Question: Do you initiate the payment of the renewal fee? Or did they set something up where they would process the charge for you, since they already have your information and if you didn't want to renew you would have to tell them?
Sorry about that, I had forgotten how expensive it is, cuz it is just charged to my credit card each year (with advance notice to "opt out", of course).
I admit that it is probably a bit much for someone who is just going to use it periodically, but I might, and I emphasize 'might', have sorta "let my username and password slip" to some of my relatives who then could do their own family trees/research. If I did do that, it was of course due to the early onset Alz, and not on purpose!
Only to the extent that I know her 16 great great grandparents, LOL.
Ok, so we all know that toilets flush in the opposite direction when you are below the equator and storms go from east to west instead of west to east as they do up here.
So, does a curve ball curve in the opposite direction like all the other things do? And if so, how hard would that be to hit?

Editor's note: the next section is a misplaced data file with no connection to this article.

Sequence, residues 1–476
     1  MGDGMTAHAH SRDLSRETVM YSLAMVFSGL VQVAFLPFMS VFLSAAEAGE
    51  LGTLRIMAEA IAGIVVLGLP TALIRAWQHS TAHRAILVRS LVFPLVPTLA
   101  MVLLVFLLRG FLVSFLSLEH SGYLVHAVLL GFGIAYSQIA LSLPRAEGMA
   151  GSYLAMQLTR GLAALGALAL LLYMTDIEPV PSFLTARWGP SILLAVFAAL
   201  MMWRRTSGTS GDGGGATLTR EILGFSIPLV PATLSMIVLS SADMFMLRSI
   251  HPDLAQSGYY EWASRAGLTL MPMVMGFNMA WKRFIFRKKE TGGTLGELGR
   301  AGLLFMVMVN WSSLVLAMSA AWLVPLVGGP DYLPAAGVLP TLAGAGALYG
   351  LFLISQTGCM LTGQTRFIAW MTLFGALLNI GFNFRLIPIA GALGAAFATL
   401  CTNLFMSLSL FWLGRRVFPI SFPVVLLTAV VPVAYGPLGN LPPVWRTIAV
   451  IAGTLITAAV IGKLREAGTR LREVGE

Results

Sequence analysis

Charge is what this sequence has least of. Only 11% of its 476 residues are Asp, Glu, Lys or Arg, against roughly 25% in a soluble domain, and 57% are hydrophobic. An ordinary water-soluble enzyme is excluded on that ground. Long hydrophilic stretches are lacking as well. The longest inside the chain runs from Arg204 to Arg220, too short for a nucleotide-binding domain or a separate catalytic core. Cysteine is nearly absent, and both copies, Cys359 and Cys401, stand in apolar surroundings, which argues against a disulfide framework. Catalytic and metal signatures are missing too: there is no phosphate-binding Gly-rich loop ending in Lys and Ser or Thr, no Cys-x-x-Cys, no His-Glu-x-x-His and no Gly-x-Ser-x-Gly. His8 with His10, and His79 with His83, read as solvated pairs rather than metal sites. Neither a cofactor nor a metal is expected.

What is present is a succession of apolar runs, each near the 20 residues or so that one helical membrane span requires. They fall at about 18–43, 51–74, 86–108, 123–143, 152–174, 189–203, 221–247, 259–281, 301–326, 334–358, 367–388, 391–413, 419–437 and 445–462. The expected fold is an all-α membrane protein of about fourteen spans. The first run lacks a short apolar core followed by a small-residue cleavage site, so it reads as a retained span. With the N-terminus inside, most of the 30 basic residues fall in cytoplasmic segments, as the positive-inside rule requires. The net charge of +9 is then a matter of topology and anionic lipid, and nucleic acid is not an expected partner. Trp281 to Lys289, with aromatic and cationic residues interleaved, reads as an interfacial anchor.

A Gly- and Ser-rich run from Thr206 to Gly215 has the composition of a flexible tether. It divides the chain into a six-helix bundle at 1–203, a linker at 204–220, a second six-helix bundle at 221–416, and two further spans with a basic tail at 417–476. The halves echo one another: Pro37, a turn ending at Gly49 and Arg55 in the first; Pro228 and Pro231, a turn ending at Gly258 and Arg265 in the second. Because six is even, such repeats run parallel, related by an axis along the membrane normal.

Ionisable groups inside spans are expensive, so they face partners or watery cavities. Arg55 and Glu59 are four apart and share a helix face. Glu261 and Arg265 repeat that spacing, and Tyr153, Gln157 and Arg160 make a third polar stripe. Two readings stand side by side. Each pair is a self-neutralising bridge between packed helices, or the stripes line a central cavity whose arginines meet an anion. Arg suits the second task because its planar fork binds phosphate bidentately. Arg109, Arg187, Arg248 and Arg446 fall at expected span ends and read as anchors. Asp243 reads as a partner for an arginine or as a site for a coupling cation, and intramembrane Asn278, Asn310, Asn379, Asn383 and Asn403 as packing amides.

It's very hard, especially since you're standing upside down.
I don't know beans about throwing a curveball, but can't pitchers throw it to curve either way they want?
Yes and no. When a right handed pitcher throws a curve, he puts about a 45* clockwise rotation on the ball when he releases it by sharply snapping his wrist and forearm. The human wrist rotates to the outside much more efficiently than to the inside. The ball will break sharply down and to the left. You can put some counterclockwise rotation on it causing it to break "weakly" to the right, but that's called a screwball, and it's really hard on the arm. To get a ball to rise slightly and fade to the right, it's much easier to hold the ball with two fingers covering the seams. That causes the ball's rotation to be reverse. You see the same thing with a golf ball, which will actually rises over the plane it was launched at. It's the dimples that cause that, since it has no seams like a baseball to alter the airflow over the ball.
Holy cannoli Fossill, are you really Bill Nye?
Nope. Did some pitching - in another lifetime.
I'm still trying to figure out how they can upside down pitch.
Hmmmmmm, a pitcher, eh? Are you Bill Lee?
Bill Lee was my immediate thought too... well... after discarding Elbie Fletcher that is.
I am a little out there, but not nearly as far as Bill Lee.
OG, picture a globe. If you're standing below the equator, aren't you standing upside down? I guess it depends where you're looking from.
Referring to another string (yes, I do read the others!).... I admit it, I had no idea what "PFMs" meant, so I asked one of my older nieces. She hesitated a bit to tell me, but did.
I guess maybe the times we grew up in were indeed "quieter and gentler" (or maybe I was just VERY naive/sheltered) cuz I don't remember even using that word 'til I was in college, lol.
So it's not Personal File Manager?
Ok, well then I need a hint.